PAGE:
August 15, 2011

ROSAT satellite comes down in Indian Ocean

The car-sized German spacecraft came down to Earth early on Sunday morning, some of the debris falling into the Indian Ocean. CNES helped to track the satellite’s trajectory and predict where it would fall.
24 October 2011

Debris comes down to Earth

The 2.4-tonne German ROSAT satellite re-entered Earth’s atmosphere during the night of 22 to 23 October at a speed of 27,000 km/h.

During its descent, the satellite was subjected to the intense heat of re-entry and most of its components burned up at high altitude. However, certain elements like titanium or ceramics can resist the high temperatures there. DLR, the German aerospace agency, estimates that up to 30 pieces of the satellite weighing a total of 1.6 tonnes could have survived re-entry.

Re-entries like this pose very little danger to populations, since 70% of Earth’s surface is covered by oceans. “For ROSAT, the risk of getting hit was estimated at 1 in 2,000 for the entire global population; that’s 1 in 12,000 billion for any one person,” explains Fernand Alby, in charge of space debris activities at CNES in Toulouse. The debris from the satellite that survived re-entry finally came down in the Indian Ocean.


Trajectory tracking and prediction

The world’s main space agencies tracked the satellite’s trajectory and constantly refined predictions of its re-entry point and descent. Working together within the Inter Agency Space Debris Coordination Committee (IADC), they pool their results to track such events more effectively.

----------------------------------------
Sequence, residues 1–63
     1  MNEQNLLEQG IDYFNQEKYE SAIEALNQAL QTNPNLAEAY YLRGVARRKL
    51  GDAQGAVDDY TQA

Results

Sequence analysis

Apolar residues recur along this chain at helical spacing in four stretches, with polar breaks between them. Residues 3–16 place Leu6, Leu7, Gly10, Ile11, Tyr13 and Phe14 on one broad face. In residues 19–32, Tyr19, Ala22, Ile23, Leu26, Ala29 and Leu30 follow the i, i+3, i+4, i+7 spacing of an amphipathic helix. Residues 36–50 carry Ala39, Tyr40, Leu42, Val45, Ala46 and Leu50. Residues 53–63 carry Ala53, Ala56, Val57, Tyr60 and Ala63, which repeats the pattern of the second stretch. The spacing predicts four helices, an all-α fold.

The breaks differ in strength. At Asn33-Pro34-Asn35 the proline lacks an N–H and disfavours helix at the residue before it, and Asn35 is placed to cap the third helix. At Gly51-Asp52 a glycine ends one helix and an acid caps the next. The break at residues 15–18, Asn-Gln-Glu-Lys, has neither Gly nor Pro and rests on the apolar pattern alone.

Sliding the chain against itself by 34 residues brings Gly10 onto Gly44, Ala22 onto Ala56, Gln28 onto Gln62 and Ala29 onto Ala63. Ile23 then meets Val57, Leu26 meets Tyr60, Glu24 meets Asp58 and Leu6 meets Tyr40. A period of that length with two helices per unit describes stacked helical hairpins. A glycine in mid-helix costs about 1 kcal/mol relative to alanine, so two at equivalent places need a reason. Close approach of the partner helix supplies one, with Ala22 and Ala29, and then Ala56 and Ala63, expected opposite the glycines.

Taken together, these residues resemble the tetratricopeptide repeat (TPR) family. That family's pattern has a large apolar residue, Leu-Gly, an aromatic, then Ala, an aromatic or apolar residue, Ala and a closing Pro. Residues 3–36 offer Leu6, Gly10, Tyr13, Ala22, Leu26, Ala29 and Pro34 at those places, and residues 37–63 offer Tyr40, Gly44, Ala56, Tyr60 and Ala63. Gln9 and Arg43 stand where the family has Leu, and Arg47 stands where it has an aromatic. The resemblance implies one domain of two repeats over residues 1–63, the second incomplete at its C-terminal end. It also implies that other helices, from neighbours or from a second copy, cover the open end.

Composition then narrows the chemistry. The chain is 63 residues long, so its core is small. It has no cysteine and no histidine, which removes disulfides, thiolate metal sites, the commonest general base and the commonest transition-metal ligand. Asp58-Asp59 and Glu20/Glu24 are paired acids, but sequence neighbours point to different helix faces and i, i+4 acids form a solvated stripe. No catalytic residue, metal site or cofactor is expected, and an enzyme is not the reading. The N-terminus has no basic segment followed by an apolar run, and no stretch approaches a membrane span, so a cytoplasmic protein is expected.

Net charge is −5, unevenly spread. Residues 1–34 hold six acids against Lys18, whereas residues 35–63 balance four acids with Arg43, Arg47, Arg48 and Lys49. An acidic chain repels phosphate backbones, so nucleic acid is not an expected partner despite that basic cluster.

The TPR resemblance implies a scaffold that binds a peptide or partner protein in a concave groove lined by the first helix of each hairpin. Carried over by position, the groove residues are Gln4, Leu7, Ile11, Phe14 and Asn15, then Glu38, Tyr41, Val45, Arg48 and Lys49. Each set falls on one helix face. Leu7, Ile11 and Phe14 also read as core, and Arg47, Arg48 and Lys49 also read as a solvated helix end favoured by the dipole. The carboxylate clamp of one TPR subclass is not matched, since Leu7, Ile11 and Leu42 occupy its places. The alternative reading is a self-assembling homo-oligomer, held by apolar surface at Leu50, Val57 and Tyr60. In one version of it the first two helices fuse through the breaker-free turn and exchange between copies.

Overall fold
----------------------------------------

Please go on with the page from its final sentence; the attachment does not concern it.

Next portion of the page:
In France, the defence procurement agency, DGA, and CNES are responsible for tracking, under the direction of the French air force. The radars operated by DGA and the air force acquire the trajectory measurements that CNES uses to predict where a satellite will fall. But the degree of uncertainty on the exact spot is usually of the order of several thousand kilometres.

There’s a lot of uncertainty surrounding a re-entering satellite because it is affected by many parameters, particularly the influence of solar activity on the atmosphere, which is very difficult to forecast, and the satellite’s orientation,” adds Fernand Alby.

The ROSAT satellite was launched on 1 June 1990 and deactivated in 1999 after 8 years of observations. Viewing in the X-ray domain of the spectrum, ROSAT completed a full-sky survey of X-ray sources Normal 0 21 false false false MicrosoftInternetExplorer4 /* Style Definitions */ table.MsoNormalTable {mso-style-name:"Tableau Normal"; mso-tstyle-rowband-size:0; mso-tstyle-colband-size:0; mso-style-noshow:yes; mso-style-parent:""; mso-padding-alt:0cm 5.4pt 0cm 5.4pt; mso-para-margin:0cm; mso-para-margin-bottom:.0001pt; mso-pagination:widow-orphan; font-size:10.0pt; font-family:"Times New Roman"; mso-ansi-language:#0400; mso-fareast-language:#0400; mso-bidi-language:#0400;} the first of its kind.